HARC’s 2013 survey demonstrated that D.A.P.’s outreach efforts were already making a difference. The percent of adults who’d never been tested for HIV had dropped significantly to 55%. But there remained a looooong way to go.

GTCV’s campaign is amazing and groundbreaking, and you should read more about it here. HARC is fortunate to be both a community partner and the program evaluator.

HARC’s next community health needs assessment results will be available in January 2017. I strongly anticipate that GTCV’s activities over the past three years will have made a dent. I firmly believe that the percent of local adults who don’t know their HIV status (i.e., those who have never been tested) will be well below 50% this time around.

D.A.P. is an amazing example of how a community based organization can and should interaction with community health needs assessments. At our first survey in 2007, there was no information available. To address that, D.A.P. quickly got on board in 2010. As a result of the collaboration, we were able to get the data to demonstrate that there was a significant need. The results were shocking; D.A.P. used them to rally supporters and raise over $4 million of the $5 million needed for the campaign. Results in 2013 showed an improvement already, and I am certain that 2016 will show a dramatic improvement as a result of the campaign, which will attest to what an impact they’ve made.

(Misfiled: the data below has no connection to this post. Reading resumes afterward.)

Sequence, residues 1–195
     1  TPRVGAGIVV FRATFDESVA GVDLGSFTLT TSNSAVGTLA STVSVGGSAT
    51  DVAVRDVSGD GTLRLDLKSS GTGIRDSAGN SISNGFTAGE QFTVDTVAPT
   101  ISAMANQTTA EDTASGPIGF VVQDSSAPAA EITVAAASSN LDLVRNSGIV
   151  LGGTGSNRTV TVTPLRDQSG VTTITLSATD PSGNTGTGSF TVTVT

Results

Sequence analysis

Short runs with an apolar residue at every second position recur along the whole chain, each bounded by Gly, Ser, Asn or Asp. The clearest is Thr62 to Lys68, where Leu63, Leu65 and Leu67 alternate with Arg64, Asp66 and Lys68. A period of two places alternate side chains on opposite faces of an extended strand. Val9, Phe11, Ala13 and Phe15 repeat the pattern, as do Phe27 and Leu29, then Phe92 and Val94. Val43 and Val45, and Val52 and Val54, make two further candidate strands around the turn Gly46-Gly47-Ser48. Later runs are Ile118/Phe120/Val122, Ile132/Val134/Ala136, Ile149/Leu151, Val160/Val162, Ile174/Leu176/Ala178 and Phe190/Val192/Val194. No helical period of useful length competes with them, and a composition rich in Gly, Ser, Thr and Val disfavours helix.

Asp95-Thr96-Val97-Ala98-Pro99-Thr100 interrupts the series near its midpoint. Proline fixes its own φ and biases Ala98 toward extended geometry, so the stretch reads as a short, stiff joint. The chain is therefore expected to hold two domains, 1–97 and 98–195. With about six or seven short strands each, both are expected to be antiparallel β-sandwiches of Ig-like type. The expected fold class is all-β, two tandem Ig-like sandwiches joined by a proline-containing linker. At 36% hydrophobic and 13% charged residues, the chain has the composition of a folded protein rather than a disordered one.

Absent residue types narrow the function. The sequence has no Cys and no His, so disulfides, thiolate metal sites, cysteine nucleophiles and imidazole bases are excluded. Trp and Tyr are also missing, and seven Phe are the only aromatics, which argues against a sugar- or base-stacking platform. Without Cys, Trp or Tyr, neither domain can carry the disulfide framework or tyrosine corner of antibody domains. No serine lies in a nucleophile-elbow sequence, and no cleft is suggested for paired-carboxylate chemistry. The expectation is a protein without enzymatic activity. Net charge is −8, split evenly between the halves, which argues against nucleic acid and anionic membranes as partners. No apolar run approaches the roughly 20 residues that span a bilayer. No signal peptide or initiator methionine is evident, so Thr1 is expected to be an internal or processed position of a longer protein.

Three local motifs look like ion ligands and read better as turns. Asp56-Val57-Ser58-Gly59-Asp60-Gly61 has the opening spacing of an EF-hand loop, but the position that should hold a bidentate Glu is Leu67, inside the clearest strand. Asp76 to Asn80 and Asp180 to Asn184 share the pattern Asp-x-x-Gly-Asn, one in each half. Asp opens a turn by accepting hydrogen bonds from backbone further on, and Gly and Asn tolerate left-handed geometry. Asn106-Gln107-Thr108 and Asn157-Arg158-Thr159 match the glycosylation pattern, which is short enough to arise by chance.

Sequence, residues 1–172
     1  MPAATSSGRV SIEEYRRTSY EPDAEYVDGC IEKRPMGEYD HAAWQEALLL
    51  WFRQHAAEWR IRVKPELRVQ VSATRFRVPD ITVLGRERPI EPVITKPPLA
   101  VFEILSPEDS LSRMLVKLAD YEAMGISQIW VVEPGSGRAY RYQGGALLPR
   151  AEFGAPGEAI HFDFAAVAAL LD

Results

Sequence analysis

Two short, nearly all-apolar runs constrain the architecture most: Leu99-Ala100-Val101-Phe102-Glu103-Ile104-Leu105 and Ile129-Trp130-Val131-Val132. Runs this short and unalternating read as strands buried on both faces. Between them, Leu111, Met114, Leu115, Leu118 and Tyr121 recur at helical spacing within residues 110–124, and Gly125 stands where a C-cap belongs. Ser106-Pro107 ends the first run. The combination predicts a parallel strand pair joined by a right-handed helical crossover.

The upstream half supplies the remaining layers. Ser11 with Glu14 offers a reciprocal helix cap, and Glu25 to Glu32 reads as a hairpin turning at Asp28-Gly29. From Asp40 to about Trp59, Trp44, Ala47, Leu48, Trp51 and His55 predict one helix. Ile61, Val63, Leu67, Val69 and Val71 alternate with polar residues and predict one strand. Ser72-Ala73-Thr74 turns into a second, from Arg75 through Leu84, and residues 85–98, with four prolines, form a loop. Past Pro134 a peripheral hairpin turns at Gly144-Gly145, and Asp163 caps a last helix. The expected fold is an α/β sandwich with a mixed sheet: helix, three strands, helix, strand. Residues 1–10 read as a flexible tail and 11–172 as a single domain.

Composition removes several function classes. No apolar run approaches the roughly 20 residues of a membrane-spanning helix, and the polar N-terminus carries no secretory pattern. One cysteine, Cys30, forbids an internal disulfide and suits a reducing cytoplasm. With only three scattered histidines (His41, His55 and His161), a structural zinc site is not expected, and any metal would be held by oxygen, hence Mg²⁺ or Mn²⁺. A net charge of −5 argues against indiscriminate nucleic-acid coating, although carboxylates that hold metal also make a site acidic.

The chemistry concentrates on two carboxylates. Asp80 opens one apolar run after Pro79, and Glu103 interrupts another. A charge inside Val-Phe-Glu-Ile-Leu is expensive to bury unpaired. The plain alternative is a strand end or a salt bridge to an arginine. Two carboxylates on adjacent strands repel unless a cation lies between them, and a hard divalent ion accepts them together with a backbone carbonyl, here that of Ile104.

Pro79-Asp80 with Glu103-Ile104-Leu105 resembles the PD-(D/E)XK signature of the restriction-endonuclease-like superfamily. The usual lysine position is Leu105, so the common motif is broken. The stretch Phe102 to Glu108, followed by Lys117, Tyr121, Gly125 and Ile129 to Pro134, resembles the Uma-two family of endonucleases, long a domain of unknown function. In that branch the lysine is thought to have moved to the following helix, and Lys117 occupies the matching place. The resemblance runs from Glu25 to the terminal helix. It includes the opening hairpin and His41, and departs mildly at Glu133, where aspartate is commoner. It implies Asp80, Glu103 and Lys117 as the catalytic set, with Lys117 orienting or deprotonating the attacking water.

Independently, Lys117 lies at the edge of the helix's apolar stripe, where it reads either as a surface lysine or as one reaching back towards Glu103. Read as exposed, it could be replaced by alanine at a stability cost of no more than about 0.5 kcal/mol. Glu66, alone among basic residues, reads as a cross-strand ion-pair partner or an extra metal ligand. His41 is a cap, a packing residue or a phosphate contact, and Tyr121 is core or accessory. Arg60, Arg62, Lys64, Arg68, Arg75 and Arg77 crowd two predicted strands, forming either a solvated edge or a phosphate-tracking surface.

Most importantly, so far in the campaign, more than 350 people have tested positive and been connected to care. People with HIV who are in treatment see their life expectancy increase from 32 to 71. That’s 39 extra years per person—meaning D.A.P.’s efforts have saved more than 13,600 years of life in just two years of the campaign. HARC is so proud that our data has helped such a meaningful cause!